Brazil Launches Greenhouse Gas Program, Sixteen Companies Agree to Monitor Emissions

During an act in Brasilia yesterday, the local government announced the country's Greenhouse Gas Protocol Program: a voluntary registry of corporate GHG emissions in which participants will log their annual inventories and will receive training on GHG accounting and management (similar to The Climate Registry in North America).

In the founding ceremony, sixteen major corporations agreed to report their emissions: Alcoa (aluminum), Anglo American (minerals production), Arcelor Mittal (steel), Banco do Brasil (bank), Bradesco (bank), CNEC (engineering), Copel (energy), Ford (automotive), Grupo Abril (print media), Natura (cosmetics), Nova Petroquímica (petrochemicals), O Boticário (cosmetics), Petrobras (oil), Sadia (food), Votorantim (manufacturing), and Wal-Mart Brasil (retail).

With this agreement, Brazil takes the lead one more time in environmental monitoring and action in South America. It's fair to note that because of its size, the country's GHG emissions are the highest of all Latin America by far: according to figures by the World Resources Institute (WRI), Brazil is the 8th largest emitter of GHG in the world. In the 25 highest emitting countries, the next Latin American is Mexico, but only comes in 14th place. Keep reading for more.

Via Press Release.According to a release by the WRI, "Brazil GHG Protocol is the first program of its kind in South America, but it’s one of many similar programs that are being developed to corporations to measure their emissions using a consistent, nationally uniform standard."

"The program provides options for sound measurement and allows members to take action to reduce their GHG emissions," said Thelma Krug, secretary of climate change, Brazil Environment Ministry, at the launch event here in the IBAMA Auditorium according to the press release.

"Greenhouse gases are a business issue," said Artur Grynbaum, CEO of O Boticario. "In the context of ongoing international climate negotiations, we need specific approaches for different sectors to measure and verify emissions."

The program will use the GHG Protocol, which was created by the World Resources Institute (WRI) and the World Business Council for Sustainable Development (WBCSD) and is considered the global standard for accounting of GHG emissions.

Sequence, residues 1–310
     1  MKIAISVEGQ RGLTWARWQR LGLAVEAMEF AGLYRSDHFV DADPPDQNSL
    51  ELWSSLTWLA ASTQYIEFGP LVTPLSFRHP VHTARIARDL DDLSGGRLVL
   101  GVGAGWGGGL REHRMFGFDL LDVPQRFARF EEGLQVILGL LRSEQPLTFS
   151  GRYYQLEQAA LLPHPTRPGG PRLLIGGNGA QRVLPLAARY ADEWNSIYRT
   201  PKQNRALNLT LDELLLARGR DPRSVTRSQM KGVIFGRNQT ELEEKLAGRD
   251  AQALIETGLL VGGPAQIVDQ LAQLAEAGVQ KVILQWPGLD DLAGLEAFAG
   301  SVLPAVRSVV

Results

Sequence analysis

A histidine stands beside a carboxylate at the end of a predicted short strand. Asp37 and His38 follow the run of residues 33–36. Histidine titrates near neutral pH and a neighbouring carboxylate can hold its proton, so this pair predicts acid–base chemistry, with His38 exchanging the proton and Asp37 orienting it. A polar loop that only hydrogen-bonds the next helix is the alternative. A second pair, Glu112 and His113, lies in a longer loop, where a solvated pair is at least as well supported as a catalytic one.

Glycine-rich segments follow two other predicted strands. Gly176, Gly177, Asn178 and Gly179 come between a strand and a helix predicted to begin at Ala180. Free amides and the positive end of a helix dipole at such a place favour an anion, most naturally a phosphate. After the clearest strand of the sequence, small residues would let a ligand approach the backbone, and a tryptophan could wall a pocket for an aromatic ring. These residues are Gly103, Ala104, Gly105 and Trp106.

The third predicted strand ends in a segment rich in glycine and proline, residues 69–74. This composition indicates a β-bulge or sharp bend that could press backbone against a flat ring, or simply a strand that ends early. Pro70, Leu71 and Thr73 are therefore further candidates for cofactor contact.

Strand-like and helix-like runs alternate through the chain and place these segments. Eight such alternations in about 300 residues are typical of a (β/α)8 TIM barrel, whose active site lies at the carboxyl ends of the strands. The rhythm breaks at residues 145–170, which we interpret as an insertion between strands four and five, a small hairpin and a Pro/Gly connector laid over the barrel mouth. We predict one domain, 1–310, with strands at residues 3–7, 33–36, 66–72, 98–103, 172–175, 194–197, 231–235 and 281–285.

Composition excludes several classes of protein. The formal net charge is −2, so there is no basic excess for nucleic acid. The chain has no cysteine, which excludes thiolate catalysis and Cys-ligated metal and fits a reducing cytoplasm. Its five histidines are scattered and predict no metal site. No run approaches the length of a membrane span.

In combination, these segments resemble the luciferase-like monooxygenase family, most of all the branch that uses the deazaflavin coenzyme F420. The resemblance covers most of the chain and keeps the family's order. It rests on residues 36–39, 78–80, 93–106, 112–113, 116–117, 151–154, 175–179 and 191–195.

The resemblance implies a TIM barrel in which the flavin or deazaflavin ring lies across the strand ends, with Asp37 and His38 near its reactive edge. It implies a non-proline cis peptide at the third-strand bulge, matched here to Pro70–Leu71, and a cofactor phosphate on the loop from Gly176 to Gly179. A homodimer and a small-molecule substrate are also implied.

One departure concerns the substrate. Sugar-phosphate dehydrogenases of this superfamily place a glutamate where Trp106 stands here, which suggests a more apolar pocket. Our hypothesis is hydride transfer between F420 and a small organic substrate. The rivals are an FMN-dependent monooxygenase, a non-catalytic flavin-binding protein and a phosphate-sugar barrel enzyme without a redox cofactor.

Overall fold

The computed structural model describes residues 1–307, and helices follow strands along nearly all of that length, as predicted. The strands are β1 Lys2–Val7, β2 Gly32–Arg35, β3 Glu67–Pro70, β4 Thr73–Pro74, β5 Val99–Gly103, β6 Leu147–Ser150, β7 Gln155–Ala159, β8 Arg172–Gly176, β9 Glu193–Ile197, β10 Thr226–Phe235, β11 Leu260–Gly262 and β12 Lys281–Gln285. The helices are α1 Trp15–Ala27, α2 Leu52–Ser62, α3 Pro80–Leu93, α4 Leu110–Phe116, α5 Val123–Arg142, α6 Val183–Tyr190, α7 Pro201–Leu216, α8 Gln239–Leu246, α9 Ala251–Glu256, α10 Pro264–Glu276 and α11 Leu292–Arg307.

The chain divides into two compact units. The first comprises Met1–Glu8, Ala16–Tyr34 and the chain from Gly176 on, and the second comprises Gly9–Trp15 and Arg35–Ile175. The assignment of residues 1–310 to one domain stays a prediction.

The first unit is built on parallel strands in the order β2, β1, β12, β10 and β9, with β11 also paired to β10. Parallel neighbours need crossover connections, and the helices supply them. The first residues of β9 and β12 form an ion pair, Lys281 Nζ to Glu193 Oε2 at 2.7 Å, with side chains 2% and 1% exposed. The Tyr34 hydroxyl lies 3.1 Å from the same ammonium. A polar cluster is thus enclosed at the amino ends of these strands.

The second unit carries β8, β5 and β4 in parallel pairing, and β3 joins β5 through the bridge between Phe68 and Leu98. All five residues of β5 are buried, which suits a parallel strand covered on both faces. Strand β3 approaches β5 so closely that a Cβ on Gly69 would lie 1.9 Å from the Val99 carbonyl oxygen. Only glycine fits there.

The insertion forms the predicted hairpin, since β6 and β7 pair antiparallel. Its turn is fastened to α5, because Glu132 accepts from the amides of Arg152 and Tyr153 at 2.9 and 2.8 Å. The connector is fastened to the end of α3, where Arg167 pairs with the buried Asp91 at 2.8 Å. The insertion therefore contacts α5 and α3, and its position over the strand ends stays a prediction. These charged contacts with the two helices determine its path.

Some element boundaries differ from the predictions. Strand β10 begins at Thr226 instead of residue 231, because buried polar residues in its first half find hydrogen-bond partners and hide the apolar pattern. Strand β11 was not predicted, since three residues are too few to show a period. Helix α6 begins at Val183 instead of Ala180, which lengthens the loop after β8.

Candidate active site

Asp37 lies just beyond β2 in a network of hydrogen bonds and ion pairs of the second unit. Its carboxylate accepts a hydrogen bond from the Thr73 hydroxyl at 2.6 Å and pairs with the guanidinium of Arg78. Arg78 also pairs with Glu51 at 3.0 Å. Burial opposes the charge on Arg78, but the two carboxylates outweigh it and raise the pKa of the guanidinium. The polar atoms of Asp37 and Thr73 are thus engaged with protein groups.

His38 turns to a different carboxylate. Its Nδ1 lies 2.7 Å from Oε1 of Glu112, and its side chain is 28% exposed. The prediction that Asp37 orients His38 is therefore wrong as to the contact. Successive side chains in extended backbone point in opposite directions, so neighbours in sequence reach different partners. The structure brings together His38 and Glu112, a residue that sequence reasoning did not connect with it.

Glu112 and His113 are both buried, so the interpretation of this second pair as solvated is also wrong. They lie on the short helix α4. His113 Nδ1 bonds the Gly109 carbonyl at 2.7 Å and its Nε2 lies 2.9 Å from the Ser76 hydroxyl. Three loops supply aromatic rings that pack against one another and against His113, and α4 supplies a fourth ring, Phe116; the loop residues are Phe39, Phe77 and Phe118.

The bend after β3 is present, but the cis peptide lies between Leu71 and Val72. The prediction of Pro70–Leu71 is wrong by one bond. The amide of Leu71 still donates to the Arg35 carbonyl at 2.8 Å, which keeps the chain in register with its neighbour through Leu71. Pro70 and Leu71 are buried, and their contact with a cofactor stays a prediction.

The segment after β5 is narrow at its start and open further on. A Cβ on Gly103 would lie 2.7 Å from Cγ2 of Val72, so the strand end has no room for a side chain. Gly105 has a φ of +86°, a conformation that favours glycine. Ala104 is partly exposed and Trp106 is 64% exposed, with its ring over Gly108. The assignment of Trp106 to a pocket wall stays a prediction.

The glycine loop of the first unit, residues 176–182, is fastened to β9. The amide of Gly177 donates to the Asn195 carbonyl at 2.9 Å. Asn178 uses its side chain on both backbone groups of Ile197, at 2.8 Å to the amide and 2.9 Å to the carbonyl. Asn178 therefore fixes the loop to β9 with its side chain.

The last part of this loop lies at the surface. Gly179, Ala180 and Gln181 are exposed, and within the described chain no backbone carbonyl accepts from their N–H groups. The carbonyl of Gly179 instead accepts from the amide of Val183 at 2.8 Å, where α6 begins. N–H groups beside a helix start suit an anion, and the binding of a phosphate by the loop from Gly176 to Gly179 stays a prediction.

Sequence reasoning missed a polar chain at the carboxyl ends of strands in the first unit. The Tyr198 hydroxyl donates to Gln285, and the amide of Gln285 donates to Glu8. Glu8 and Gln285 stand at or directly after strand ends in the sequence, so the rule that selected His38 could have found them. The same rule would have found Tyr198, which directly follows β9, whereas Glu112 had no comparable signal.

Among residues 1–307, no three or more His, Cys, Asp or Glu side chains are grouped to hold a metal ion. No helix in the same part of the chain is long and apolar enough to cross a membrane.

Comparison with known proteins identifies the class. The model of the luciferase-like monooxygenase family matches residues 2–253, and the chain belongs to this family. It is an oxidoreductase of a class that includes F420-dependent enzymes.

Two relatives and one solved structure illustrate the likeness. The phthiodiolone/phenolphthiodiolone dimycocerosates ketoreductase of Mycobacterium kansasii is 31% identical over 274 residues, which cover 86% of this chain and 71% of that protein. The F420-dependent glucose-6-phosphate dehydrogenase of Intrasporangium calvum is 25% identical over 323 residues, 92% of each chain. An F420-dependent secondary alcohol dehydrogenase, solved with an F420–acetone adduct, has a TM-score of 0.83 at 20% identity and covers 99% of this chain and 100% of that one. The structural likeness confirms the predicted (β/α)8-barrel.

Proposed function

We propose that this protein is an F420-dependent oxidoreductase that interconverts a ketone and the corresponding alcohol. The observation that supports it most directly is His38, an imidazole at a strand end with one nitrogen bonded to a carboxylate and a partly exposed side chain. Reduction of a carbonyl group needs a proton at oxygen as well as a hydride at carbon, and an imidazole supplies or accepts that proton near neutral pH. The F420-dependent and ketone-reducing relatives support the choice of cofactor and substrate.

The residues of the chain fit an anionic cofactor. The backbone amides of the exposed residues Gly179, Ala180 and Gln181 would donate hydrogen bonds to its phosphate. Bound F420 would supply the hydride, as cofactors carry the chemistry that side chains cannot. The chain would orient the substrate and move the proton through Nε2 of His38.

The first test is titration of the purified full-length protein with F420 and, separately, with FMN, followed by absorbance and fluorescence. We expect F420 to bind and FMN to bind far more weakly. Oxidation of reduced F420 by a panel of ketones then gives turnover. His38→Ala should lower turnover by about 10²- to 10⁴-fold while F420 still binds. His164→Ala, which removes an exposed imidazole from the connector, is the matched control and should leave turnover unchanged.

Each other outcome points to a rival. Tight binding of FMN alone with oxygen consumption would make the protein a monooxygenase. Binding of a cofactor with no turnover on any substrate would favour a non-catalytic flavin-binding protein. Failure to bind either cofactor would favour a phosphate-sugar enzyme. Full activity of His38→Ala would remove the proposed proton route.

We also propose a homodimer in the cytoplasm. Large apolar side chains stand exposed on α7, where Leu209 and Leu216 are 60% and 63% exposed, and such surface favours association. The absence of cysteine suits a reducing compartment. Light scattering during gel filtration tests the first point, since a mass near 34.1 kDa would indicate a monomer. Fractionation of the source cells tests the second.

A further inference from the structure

Partners in the Brazil GHG Protocol Program also include the Brazilian Environment Ministry, the Brazilian Council for Sustainable Development, and Fundação Getúlio Vargas. Funding for the program is provided by the U.S. Agency for International Development and the British Embassy.

Last year, the Working Group II (WGII) Contribution to the Intergovernmental Panel on Climate Change (IPCC) Fourth Assessment Report informed the possible threats Latin America could face if global warming continues to grow.

"By mid-century, increases in temperature and associated decreases in soil water are projected to lead to gradual replacement of tropical forest by savanna in eastern Amazon. In drier areas, climate change is expected to lead to salinisation and desertification of agricultural land causing productivity of some important crops to decrease and livestock productivity to decline, with adverse consequences for food security," said the report.

"With this new program, Brazil's government and business community are building the foundation for GHG management. You can't manage what you don't measure," said Manish Bapna, executive vice president of WRI in the same release.

Picture: Britain ambassador Peter Collecot, Brazil's environmental minister Marina Silva, CEBDS president Fernando Almeida, and World Resources Institute vice-president Manish Bapna, at the Brazil Greenhouse Gas Protocol Program launch. Credit: Brazilian press agency.
Sources:
::Press release: Brazilian Companies Announce Global Warming Game Plan
::Brazil Launches Its GHG Protocol Program
::IPCC on Latin America: Land Drought and Coastlines Floodings are on the Menu
Links:
::Brazil Environmental Ministry
::WRI
::WBCSD
::Greenhouse protocol
Other articles on Brazilian corporate responsibility and governmental policies:
::Corporate Environmental Responsibility Grows in Brazil
::The 20 Most Responsible Brazilian Companies
::New and Empowered Environmental Front in Brazilian Congress
::Amazon: Brazil Considers Extending Permits to Enter the Jungle
::Brazilian Banks, Forbidden to Give Loans to Illegal Loggers

Tags: Brazil | Carbon Emissions | Corporate Responsibility | Pollution

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